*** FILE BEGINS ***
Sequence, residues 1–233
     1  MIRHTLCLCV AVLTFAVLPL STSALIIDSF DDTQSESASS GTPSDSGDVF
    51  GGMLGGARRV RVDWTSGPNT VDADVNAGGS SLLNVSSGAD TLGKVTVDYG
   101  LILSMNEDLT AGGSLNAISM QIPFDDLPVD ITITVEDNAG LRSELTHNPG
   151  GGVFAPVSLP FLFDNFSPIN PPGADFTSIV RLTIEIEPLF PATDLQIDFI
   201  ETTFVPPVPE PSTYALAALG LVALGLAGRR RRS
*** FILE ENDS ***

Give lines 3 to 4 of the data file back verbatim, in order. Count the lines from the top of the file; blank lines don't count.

    51  GGMLGGARRV RVDWTSGPNT VDADVNAGGS SLLNVSSGAD TLGKVTVDYG
   101  LILSMNEDLT AGGSLNAISM QIPFDDLPVD ITITVEDNAG LRSELTHNPG